2016 MacArthur Grants Spotlight Chicago Arts Institutions

“The Chicago-based MacArthur Foundation recently doled out more than $6 million…”

By Tamar Honig

The Chicago-based MacArthur Foundation recently doled out more than $6 million to arts and cultural organizations as part of its Awards for Creative & Effective Institutions. Since 2006, these awards have helped support institutions around the globe covering a wide range of disciplines.

This year, for the first time, the grants were directed entirely at Chicago art groups—14 in total, specializing in jazz, theater, film, dance, opera, visual art, and more.

“This is the first year we drew Awardees from one city,” Cate Fox, program officer for arts and culture at the MacArthur Foundation, wrote in a statement. “MacArthur picked Chicago because it is where our Foundation is headquartered. Each year we invest more than $10 million in Chicago’s arts and culture community so this was an opportunity to strengthen the city’s vibrant cultural life in a different way and affirm our commitment to our hometown.”

According to Fox, MacArthur has a long tradition of nurturing emerging organizations and celebrating creativity. Early recipients of the foundation’s support include what became Human Rights Watch, the largest U.S.-based human rights organization; Creative Commons, a nonprofit that has revolutionized the concept of copyright; and World Resources Institute, a global environmental think tank.

Fox noted that the intended immediate impact of a MacArthur Award is to affirm the work of the recipient as well as Chicago’s arts and culture sector in general. The long-term effect, however, is more difficult to predict.

“We live in a city that is second to none in terms of cultural life…. Our hope is that these organizations continue to produce high-quality artistic experiences. Previous Award recipients have told us that the Award has allowed them to take more risk, seed projects that they knew they would not receive an immediate return on investment but would be critical to the organization’s mission,” Fox said.

Among the winners of this year’s awards was Eighth Blackbird (styled as eighth blackbird), a music ensemble that performs new classical works in Chicago and beyond.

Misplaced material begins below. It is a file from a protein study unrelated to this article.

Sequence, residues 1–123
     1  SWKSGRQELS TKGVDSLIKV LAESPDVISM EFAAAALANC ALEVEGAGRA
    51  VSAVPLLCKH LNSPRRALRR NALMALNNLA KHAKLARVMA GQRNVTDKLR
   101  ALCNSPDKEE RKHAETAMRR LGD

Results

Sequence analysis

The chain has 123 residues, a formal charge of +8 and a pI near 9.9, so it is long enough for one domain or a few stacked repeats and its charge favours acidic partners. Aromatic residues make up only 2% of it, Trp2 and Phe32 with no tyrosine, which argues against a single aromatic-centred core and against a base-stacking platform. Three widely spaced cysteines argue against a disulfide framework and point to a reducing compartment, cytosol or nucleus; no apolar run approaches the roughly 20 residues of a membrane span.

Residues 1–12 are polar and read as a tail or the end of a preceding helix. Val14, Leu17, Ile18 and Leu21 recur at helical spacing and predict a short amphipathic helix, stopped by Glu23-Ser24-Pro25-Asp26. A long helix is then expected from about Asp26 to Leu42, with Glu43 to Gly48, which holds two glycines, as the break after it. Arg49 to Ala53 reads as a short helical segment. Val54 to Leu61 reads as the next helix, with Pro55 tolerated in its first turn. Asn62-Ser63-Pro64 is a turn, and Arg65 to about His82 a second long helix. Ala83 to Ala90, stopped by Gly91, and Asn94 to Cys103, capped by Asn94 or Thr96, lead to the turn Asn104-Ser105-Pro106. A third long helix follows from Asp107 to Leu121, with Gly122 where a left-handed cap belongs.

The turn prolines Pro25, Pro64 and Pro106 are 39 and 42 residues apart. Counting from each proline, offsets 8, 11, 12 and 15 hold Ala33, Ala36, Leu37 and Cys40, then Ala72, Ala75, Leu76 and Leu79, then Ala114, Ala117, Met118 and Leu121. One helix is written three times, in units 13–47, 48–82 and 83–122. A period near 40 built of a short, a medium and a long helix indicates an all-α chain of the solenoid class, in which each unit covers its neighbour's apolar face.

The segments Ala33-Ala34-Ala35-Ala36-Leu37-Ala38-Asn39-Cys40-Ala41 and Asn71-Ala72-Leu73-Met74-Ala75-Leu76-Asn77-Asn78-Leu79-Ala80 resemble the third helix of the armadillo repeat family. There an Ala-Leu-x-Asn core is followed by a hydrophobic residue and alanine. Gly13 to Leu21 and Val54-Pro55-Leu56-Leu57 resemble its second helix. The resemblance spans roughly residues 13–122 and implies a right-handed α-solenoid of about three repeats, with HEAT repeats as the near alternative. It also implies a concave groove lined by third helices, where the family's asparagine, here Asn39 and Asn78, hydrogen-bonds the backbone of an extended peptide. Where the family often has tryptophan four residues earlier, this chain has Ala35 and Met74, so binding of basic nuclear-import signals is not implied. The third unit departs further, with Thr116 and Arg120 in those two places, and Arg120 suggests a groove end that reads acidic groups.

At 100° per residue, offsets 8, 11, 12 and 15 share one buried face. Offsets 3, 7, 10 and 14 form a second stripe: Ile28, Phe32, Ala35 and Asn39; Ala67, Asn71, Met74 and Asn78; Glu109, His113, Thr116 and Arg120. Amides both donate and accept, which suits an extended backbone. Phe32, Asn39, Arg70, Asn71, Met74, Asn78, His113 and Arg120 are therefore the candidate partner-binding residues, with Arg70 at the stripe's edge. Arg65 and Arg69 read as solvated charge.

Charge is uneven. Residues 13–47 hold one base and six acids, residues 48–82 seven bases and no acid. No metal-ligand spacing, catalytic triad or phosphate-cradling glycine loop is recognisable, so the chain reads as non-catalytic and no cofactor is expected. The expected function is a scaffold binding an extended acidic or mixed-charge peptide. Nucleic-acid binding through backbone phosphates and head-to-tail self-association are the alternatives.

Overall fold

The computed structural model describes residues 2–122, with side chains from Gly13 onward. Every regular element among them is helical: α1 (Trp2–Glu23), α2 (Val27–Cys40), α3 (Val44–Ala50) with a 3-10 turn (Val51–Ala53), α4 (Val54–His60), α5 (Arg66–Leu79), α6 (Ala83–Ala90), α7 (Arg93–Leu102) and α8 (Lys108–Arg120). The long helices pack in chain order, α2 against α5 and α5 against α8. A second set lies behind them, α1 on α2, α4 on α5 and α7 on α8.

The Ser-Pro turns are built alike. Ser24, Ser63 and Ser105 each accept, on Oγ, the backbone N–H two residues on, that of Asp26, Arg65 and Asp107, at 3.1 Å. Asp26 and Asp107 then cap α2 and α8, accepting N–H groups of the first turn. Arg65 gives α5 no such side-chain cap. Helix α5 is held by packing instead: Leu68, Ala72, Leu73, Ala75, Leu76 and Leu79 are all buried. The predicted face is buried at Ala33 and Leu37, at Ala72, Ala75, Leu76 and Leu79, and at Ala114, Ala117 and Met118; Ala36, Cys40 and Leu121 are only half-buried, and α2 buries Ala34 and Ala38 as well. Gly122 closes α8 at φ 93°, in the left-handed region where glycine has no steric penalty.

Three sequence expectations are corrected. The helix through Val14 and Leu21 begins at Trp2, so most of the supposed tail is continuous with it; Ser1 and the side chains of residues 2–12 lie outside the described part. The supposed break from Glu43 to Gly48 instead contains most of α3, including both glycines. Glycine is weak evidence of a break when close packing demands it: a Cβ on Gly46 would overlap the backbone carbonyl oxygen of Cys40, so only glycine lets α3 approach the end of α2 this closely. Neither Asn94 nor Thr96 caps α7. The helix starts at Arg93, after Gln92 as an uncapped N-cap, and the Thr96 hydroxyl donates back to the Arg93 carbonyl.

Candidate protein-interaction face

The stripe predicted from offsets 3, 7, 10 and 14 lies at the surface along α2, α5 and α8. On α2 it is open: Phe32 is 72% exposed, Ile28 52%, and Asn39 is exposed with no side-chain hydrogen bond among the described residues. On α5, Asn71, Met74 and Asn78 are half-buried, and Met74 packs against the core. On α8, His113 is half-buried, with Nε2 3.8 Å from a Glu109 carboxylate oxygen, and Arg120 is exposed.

Peter McDowell, managing director of eighth blackbird, explained why his organization is worthy of its MacArthur Award.

“Eighth Blackbird is a model for small to mid-size arts organizations. [It] has grown significantly over the past few years while maintaining a strong, fiscally responsible budget,” he said.

McDowell highlighted eighth blackbird’s major recent accomplishments: hiring a full-time staff of four people; touring nationally and internationally; winning four Grammy awards; recording and releasing eight albums; and achieving ensemble-in-residence status at the University of Chicago, the University of Richmond, and the Museum of Contemporary Art Chicago.

“In addition to providing extraordinary financial stability, the MacArthur Award funds effectively eliminate the need for further capital fundraising campaigns—potentially for years into the future—freeing up staff and artists to cultivate program support at a pivotal moment in the company’s history,” McDowell said.

The other organizations that received a MacArthur Award this year include Albany Park Theater Project, A Red Orchid Theatre, Chicago Film Archives, Chicago Jazz Philharmonic, Chicago Opera Theater, Chicago Sinfonietta, Hyde Park Art Center, Links Hall, Lookingglass Theatre Company, Lucky Plush Productions, The Hypocrites, TimeLine Theatre Company, and Young Chicago Authors.

“Our focus on small and mid-sized organizations is purposeful—these organizations have an outsized impact supported by a meager infrastructure,” Fox said. “We hope that the Award calls attention to their creativity and effectiveness, while providing resources to build-out the internal supports the organization needs to be creative and effective in the future.”